Author(s): AlvarezBuylla A, GarcaVerdugo JM, Tramontin AD
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Abstract For many years, it was assumed that neurons and glia in the central nervous system were produced from two distinct precursor pools that diverged early during embryonic development. This theory was partially based on the idea that neurogenesis and gliogenesis occurred during different periods of development, and that neurogenesis ceased perinatally. However, there is now abundant evidence that neural stem cells persist in the adult brain and support ongoing neurogenesis in restricted regions of the central nervous system. Surprisingly, these stem cells have the characteristics of fully differentiated glia. Neuroepithelial stem cells in the embryonic neural tube do not show glial characteristics, raising questions about the putative lineage from embryonic to adult stem cells. In the developing brain, radial glia have long been known to produce cortical astrocytes, but recent data indicate that radial glia might also divide asymmetrically to produce cortical neurons. Here we review these new developments and propose that the stem cells in the central nervous system are contained within the neuroepithelial --> radial glia --> astrocyte lineage.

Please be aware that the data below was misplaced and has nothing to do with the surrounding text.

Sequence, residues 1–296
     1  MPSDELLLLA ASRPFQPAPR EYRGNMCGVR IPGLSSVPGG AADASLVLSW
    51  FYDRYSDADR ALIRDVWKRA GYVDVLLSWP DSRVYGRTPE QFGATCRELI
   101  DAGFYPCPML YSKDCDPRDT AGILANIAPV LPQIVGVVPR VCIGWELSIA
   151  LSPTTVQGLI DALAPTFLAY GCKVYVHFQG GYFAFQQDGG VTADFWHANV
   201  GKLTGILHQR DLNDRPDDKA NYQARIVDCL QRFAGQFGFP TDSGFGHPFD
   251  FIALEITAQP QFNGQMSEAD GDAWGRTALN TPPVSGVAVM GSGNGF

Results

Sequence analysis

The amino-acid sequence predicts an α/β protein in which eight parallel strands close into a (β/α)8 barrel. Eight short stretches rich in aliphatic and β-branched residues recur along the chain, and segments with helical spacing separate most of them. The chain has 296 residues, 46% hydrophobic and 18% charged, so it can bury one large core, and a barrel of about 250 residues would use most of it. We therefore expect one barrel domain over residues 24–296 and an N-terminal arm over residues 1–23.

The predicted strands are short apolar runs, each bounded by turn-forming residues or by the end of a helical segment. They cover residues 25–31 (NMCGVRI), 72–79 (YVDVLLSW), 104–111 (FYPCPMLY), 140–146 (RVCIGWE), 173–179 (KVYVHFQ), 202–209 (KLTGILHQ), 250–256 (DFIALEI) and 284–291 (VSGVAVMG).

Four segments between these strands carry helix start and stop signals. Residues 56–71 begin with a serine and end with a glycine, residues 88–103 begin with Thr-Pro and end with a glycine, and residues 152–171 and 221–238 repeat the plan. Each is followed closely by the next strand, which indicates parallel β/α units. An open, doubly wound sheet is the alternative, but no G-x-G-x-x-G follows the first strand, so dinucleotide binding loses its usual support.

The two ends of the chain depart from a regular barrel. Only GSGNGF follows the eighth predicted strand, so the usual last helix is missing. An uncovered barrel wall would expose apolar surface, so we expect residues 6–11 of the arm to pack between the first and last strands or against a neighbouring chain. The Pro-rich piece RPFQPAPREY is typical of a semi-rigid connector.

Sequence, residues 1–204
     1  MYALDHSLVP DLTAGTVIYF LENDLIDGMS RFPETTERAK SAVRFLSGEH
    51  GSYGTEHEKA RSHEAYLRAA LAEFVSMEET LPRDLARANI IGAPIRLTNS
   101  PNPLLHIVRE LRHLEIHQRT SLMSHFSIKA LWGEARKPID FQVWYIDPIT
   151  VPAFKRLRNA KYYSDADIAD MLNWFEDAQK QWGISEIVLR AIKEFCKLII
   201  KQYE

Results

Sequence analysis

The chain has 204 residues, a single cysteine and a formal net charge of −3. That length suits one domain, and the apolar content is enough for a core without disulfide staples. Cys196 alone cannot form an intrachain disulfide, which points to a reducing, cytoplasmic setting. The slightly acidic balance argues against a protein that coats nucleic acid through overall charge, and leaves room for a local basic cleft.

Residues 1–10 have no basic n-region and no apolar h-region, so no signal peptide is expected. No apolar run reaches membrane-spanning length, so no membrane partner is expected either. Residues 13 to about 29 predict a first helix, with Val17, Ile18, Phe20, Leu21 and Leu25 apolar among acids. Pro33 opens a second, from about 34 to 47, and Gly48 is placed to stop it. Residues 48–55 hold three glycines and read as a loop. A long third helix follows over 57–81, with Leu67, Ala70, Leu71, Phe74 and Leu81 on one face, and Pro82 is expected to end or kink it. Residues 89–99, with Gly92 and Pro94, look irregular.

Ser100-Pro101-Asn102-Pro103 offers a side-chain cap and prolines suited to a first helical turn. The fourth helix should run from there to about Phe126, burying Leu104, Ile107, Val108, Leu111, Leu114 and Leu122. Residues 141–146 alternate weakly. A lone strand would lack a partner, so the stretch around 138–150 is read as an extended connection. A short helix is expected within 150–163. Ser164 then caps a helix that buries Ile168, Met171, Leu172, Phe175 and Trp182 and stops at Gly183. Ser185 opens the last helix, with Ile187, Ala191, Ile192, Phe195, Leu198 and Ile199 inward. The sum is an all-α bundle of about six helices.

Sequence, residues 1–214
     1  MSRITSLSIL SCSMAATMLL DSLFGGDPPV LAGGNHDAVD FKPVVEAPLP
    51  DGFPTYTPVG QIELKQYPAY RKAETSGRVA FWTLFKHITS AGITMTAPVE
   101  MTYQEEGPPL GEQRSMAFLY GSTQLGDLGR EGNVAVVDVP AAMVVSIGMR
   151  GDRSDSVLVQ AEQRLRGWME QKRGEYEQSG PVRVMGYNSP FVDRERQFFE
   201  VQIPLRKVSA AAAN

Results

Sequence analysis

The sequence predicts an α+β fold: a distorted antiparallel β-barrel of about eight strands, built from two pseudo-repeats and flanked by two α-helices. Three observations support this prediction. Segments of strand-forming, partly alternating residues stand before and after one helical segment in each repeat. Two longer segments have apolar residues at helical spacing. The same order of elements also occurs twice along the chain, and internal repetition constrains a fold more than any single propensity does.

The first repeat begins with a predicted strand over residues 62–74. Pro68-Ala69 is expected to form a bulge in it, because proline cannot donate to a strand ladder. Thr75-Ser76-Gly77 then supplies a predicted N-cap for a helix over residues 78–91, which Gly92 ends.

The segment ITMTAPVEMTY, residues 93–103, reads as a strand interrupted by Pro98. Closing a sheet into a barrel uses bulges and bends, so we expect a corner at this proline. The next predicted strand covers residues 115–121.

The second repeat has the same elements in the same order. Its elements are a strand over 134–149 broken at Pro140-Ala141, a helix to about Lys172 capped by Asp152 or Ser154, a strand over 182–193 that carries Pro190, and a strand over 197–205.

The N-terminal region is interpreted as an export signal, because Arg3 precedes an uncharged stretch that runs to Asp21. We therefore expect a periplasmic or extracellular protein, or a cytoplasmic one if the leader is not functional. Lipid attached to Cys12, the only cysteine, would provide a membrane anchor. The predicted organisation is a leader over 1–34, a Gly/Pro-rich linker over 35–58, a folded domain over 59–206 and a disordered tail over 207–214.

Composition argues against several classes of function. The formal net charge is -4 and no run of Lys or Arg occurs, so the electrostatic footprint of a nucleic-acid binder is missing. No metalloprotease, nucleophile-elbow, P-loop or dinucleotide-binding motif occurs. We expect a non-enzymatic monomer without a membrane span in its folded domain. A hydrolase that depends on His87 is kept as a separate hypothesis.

This article was published in Nat Rev Neurosci
and referenced in Journal of Cell Science & Therapy